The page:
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The Political Sell: Bad Choice or Horrible Choice?

Today, as I was watching CNBC and other news outlets, the coverage was primarily centered around a tweet that President Trump made earlier in the day. No one really knew what the tweet meant, but the fact that everyone was trying to figure it out was interesting to me. Back on May 17, the market fell 1.8% on the news that there could possibly be an impeachment. President Trump and his dealings with Russia would come back to bite him, and take him out of office. The news outlets, again, were going crazy with the news. All this recent fascination with President Trump had me thinking: What if someone sold their stocks every time the President did something stupid? How would that strategy work out? Below is a chart of the S&P 500 along with some stupid things that Presidents have done in recent memory. As you look at it,
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Categories: Market Commentary, Markets, and Personal Finance.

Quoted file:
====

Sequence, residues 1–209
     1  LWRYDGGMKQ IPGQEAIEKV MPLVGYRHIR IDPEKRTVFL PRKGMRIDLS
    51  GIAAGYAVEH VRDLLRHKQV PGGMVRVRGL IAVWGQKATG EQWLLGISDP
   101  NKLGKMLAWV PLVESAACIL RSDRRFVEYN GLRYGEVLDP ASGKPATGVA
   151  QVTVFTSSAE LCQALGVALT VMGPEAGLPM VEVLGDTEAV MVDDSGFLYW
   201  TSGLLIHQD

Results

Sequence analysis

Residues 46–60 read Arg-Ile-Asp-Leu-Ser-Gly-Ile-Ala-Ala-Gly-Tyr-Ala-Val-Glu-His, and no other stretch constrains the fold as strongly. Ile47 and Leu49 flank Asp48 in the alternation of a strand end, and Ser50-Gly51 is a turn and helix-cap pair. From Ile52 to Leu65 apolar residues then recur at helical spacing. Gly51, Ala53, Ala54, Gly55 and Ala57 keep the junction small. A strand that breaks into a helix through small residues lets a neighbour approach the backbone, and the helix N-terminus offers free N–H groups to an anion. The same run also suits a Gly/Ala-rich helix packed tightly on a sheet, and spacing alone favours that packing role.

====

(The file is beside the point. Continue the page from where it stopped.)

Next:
If You Fail to Plan, You Plan to Fail

What a glorious time to be invested in the stock market! The market has rallied 14% since the election on Nov. 4, the major indexes have rallied to hit all-time highs. We are far from the “euphoria” that Sir John Templeton discusses as being the end of a bull market. Despite all the good news, it’s impossible to know with certainty when it will come to a screeching halt. The hardest thing to do—we may even call it impossible—is time the market consistently. Someone may get luck once, or maybe even twice, but to time it again and again is a fool’s errand. At Iron Gate Global Advisors, we have what we call a “Bear Market Game Plan.” It’s part of our process that we implement when that Bear Market rears its ugly head. Below are a few of the characteristics of our plan. Know when to sell your stocks:
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Categories: Markets, Personal Finance, and Strategy.

The BIG Fallacy: ”No one cares about your money more than you do.”

You’ve all heard it. It’s been said over and over by anyone trying to sell you a trading service, software, newsletter, or anything similar: “no one cares about your money more than you do, so sign up today!” However, if there is one thing that over fifteen years of working with people has taught me it’s this: that phrase couldn’t be further from the truth! Let me explain. For 10 years, I worked for the biggest and best investor education company in the world today. Early in my career with that company, I was the one that used to utter that same phrase to anybody and everybody. I honestly thought it was true…until I saw what people actually did with their own money. Below are a few examples of what I’ve seen people do with their own money. Destroy their chances of a retirement because of some option or stock